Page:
Ricardo’s theory is based on a number of unrealistic assumptions but, here, we are concerned only with the particular counter argument bound up with the aforementioned concept of the ‘ecological transition’ – namely, that by reducing the local community’s reliance on its own natural resources, this tends to ‘desensitise’ it to the need to prudently operate within the limits of these resources. This does not mean those limits are necessarily fixed and unchangeable – human intervention can, for instance, sometimes significantly enhance the fertility and hence, ‘carrying capacity’, of the soil. Nor does it mean a community will inevitably set about despoiling its own environment if it can rely on others to supply what it needs – there are other factors involved besides this – but this does nevertheless create the conditions which can greatly amplify the environmental impact of those other factors.

The collapse of the Roman Empire is a classic example. In part, the expansion of that empire was driven by the need to secure an adequate food supply to meet the needs of Rome itself – at its height, a city of one million people – and its vast armies. Grain tributes were exacted from conquered territories all around the Mediterranean basin which profoundly altered the region’s ecology. Widespread deforestation occurred to permit intensive cereal farming leading to soil exhaustion and desertification. The resultant decline in output, in turn, prompted the empire to further expand its territory, eventually reaching the point at which its supply lines were so over-stretched that it became increasingly vulnerable to external threats.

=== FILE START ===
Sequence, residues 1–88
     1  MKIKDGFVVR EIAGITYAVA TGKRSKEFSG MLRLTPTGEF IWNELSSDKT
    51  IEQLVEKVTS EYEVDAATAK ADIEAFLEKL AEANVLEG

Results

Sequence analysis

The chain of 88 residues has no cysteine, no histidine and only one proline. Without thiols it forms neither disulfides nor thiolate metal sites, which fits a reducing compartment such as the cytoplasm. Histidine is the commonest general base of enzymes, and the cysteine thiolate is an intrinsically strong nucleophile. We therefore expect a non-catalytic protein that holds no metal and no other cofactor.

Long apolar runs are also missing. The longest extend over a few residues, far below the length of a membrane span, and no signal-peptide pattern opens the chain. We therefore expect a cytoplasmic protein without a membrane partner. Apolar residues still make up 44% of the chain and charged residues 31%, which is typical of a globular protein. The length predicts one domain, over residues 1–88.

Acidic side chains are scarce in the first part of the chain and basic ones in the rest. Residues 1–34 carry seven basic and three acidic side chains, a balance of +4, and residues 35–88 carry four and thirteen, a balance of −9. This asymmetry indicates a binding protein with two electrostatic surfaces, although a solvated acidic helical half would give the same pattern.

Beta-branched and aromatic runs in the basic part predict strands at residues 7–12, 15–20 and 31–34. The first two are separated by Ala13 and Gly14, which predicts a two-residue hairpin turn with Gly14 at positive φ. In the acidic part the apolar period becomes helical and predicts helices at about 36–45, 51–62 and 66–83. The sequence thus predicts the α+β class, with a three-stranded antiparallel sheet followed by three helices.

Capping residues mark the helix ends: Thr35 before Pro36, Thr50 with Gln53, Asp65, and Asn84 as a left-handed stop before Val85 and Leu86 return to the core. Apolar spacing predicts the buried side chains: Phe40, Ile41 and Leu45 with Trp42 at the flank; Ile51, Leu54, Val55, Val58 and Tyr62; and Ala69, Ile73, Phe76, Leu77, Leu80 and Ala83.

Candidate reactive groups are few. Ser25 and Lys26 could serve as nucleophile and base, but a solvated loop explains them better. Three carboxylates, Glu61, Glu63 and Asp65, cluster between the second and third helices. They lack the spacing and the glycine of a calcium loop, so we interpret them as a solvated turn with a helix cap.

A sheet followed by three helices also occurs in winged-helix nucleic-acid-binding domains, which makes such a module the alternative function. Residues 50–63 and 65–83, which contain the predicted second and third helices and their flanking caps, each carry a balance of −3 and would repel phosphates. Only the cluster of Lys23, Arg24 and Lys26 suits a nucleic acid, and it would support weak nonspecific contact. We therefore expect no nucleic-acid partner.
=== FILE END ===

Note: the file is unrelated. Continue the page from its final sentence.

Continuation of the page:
In modern capitalism, it is not so much tribute as the quest for profit that drives economic activity. But with capitalism, we see also the same preoccupation with short term interests over long term sustainability. According to Friedrich Engels:

‘As individual capitalists are engaged in production and exchange for the sake of immediate profit, only the nearest, most immediate results must first be taken into account…What cared the Spanish planters in Cuba, who burned down the forests on the slopes of the mountains and obtained from the ashes sufficient fertiliser for one generation of highly profitable coffee trees – what cared they that heavy tropical rainfall afterwards washed away the unprotected upper stratum of soil, leaving behind only bare rock! In relation to nature, as to society, the present mode of production is predominantly concerned only about the immediate, most tangible result, and then surprise is expressed that the more remote effects of actions directed to this end turn out to be quite different, are mostly quite opposite in character’ (1876, The Part played by Labour in the Transition from Ape to Man).